Monday, December 28, 2009

Review: The Battle at the Moons of Hell by Graham Sharp Paul

grahampaulBefore he turned to writing, Graham Sharp Paul served as a commissioned officer in the British and Australian Navies, and then worked in finance and business consulting until he retired to write in 2003.  His debut The Battle at the Moons of Hell marks his entry to the field of military science fiction.  It is the first book in Paul’s “Helfort’s War” series, which thus far also includes The Battle of the Hammer Worlds and The Battle of Devastation Reef, though it still stands alone well as a self-contained story.

I read this book almost purely by chance: I was at the bookstore, didn't see anything that I particularly wanted, and finally picked it because I didn't want to feel like I'd wasted the trip by going home empty handed.  Happily, my choice paid off.  Score one for the sunk-cost fallacy.

The Battle at the Moons of Hell focuses on the story of Michael Helfort, newly commissioned Junior Lieutenant in the fleet of the Federated Worlds, one of the preeminent polities in human space.   Helfort is assigned to the DLS-387, a small reconnaissance vessel.  DLS-387 is traveling on a routine patrol when it receives urgent news: a Federated Worlds civilian liner, the Mumtaz, has been hijacked and the advanced terraforming equipment it carried stolen by agents of the Hammer of Kraa, a brutal theocratic regime that has been a frequent enemy of the Federated Worlds.  An informant in the Hammer government has revealed that Mumtaz’s passengers and crew have been taken to the world of Hell, a barely-habitable planet where the Hammer puts prisoners, dissidents, and heretics to work in nightmarish labor camps.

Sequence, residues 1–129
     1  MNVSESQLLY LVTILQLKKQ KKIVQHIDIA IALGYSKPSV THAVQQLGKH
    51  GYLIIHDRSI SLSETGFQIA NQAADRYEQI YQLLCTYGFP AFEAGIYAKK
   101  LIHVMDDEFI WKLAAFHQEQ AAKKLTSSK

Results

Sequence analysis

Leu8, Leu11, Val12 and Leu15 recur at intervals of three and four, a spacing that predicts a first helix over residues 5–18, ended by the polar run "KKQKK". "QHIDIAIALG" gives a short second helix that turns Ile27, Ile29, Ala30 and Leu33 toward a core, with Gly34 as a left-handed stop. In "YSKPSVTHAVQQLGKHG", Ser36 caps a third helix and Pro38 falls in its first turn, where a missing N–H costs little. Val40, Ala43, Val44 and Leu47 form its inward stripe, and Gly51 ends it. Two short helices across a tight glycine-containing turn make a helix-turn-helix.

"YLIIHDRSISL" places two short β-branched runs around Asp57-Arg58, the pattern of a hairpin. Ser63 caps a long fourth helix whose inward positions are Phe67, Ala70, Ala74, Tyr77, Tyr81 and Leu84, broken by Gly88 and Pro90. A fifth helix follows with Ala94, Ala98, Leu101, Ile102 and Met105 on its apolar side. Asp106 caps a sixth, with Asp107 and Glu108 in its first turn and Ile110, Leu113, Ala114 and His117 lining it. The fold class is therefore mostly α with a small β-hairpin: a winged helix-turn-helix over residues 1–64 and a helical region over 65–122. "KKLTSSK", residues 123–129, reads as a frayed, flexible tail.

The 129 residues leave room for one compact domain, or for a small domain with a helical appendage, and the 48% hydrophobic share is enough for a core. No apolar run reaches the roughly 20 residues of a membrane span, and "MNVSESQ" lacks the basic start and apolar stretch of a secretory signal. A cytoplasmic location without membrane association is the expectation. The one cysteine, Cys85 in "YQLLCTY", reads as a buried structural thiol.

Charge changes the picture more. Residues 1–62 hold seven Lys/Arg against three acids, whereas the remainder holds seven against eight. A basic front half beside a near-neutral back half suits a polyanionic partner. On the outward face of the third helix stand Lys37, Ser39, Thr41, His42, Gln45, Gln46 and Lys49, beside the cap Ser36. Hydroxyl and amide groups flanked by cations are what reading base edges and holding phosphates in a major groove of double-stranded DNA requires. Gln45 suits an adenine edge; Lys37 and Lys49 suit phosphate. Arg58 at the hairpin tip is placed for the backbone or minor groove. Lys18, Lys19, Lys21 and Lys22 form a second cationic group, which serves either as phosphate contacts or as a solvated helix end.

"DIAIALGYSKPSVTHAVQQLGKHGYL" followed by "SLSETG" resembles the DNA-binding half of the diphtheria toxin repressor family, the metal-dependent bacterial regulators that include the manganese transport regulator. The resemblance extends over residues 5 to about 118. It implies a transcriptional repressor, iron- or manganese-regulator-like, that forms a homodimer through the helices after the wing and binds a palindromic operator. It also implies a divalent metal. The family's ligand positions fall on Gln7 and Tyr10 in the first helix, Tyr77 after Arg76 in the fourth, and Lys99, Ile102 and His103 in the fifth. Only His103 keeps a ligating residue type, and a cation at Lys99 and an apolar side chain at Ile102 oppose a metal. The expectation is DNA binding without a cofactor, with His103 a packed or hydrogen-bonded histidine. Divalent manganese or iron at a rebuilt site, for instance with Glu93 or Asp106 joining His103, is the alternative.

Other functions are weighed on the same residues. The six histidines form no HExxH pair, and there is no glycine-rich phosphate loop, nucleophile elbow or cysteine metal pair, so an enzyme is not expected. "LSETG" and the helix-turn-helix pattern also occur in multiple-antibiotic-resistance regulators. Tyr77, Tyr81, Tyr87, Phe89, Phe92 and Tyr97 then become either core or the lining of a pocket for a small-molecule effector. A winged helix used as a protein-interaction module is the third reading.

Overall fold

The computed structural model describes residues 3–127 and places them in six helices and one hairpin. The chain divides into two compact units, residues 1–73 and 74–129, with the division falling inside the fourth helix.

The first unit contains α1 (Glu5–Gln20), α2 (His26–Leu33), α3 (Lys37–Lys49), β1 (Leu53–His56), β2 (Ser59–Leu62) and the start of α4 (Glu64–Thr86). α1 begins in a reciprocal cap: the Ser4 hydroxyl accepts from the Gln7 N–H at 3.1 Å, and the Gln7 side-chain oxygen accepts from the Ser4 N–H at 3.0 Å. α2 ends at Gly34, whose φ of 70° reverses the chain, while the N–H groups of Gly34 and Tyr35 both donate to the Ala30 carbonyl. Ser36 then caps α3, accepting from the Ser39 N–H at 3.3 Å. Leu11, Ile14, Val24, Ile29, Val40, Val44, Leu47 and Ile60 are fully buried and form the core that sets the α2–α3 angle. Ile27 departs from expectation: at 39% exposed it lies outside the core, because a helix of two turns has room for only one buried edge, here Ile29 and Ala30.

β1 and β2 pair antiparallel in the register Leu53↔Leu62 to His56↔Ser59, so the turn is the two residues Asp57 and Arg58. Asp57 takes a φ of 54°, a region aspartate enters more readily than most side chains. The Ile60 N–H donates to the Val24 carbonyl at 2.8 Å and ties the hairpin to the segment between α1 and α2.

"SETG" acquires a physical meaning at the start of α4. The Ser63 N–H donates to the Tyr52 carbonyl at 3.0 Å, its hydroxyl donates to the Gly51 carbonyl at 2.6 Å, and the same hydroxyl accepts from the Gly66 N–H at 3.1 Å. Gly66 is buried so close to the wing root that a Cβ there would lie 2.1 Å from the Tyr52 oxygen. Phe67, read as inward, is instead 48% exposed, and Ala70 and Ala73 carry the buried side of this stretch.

DLS-387 is ordered to change course for Hammer space for a covert reconnaissance flyby that will provide intelligence for a Federated Worlds rescue mission and retaliatory strike.  Penetrating so deep into enemy space will be dangerous, and if DLS-387 succeeds the larger conflcit with the Hammer still lies ahead. The Federated Worlds cannot allow hostile powers to abduct and enslave its citizens – and Helfort cannot leave his mother and younger sister, passengers on the Mumtaz, to die hundreds of light-years from home.

The Battle at the Moons of Hell is a promising debut for Paul. The action is exciting and extremely tense. Paul does a nice job of providing a panoramic view of events, moving from Helfort and his crewmates at the front to the imprisoned passengers of the Mumtaz to the highest levels of government on both sides.  Paul also largely avoids resorting to the sort of large lumps of exposition that many people find frustrating about military science fiction and space opera.
My primary complaint is that the characterization of Michael Helfort himself is lacking; he is defined enough to make me care about what happens to him, but he still seemed rather flat.  Most of the secondary characters suffered a similar problem.  (I should note that this aspect improves considerably in the subsequent books.)